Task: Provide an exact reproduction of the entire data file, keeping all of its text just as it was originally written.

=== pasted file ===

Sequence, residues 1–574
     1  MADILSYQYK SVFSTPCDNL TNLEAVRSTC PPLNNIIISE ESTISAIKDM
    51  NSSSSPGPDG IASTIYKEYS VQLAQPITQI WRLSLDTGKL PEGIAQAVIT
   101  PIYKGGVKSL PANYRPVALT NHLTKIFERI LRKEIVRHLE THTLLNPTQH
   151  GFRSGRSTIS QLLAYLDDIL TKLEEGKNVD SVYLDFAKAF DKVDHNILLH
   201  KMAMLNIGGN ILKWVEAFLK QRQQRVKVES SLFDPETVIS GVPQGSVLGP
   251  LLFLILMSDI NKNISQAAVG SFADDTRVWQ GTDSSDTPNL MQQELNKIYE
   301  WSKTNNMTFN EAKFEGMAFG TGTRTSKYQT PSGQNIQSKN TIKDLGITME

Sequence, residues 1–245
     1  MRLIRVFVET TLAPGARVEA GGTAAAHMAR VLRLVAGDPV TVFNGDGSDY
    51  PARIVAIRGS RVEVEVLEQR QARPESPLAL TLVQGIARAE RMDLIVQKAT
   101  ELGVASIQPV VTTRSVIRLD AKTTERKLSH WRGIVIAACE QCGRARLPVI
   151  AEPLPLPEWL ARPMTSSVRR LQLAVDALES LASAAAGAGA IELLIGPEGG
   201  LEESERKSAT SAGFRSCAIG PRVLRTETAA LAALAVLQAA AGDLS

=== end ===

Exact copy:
Sequence, residues 1–574
     1  MADILSYQYK SVFSTPCDNL TNLEAVRSTC PPLNNIIISE ESTISAIKDM
    51  NSSSSPGPDG IASTIYKEYS VQLAQPITQI WRLSLDTGKL PEGIAQAVIT
   101  PIYKGGVKSL PANYRPVALT NHLTKIFERI LRKEIVRHLE THTLLNPTQH
   151  GFRSGRSTIS QLLAYLDDIL TKLEEGKNVD SVYLDFAKAF DKVDHNILLH
   201  KMAMLNIGGN ILKWVEAFLK QRQQRVKVES SLFDPETVIS GVPQGSVLGP
   251  LLFLILMSDI NKNISQAAVG SFADDTRVWQ GTDSSDTPNL MQQELNKIYE
   301  WSKTNNMTFN EAKFEGMAFG TGTRTSKYQT PSGQNIQSKN TIKDLGITME

Sequence, residues 1–245
     1  MRLIRVFVET TLAPGARVEA GGTAAAHMAR VLRLVAGDPV TVFNGDGSDY
    51  PARIVAIRGS RVEVEVLEQR QARPESPLAL TLVQGIARAE RMDLIVQKAT
   101  ELGVASIQPV VTTRSVIRLD AKTTERKLSH WRGIVIAACE QCGRARLPVI
   151  AEPLPLPEWL ARPMTSSVRR LQLAVDALES LASAAAGAGA IELLIGPEGG
   201  LEESERKSAT SAGFRSCAIG PRVLRTETAA LAALAVLQAA AGDLS